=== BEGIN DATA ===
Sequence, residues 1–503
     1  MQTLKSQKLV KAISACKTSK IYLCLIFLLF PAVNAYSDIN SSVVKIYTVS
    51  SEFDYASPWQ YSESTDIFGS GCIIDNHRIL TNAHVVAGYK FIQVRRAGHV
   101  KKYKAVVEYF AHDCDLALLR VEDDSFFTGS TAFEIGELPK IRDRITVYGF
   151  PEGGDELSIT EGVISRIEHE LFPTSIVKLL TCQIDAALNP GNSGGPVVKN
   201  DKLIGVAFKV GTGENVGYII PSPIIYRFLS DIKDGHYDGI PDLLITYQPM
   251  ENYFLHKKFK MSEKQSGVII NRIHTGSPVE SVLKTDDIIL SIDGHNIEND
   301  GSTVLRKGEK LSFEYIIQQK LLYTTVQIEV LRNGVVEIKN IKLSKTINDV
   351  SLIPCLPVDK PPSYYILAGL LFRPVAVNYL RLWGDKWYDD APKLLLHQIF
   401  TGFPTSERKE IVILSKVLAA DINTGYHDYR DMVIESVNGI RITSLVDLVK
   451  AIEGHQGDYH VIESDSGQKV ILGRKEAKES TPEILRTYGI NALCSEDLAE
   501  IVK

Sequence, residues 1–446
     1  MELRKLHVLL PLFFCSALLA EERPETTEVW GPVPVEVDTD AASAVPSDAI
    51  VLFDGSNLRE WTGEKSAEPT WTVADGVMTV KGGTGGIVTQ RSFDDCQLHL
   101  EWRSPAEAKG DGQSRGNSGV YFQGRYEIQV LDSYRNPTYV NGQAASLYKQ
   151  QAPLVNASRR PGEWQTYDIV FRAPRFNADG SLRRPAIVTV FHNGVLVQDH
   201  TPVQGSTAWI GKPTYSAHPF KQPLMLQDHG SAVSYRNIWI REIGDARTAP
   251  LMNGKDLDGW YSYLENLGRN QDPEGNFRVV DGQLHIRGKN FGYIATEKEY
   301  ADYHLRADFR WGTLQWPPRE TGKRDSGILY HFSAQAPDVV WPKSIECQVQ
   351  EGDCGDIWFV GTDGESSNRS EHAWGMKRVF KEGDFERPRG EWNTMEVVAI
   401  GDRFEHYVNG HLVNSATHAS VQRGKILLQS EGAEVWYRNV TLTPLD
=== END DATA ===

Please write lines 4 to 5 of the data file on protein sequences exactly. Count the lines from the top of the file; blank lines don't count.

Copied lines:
   101  KKYKAVVEYF AHDCDLALLR VEDDSFFTGS TAFEIGELPK IRDRITVYGF
   151  PEGGDELSIT EGVISRIEHE LFPTSIVKLL TCQIDAALNP GNSGGPVVKN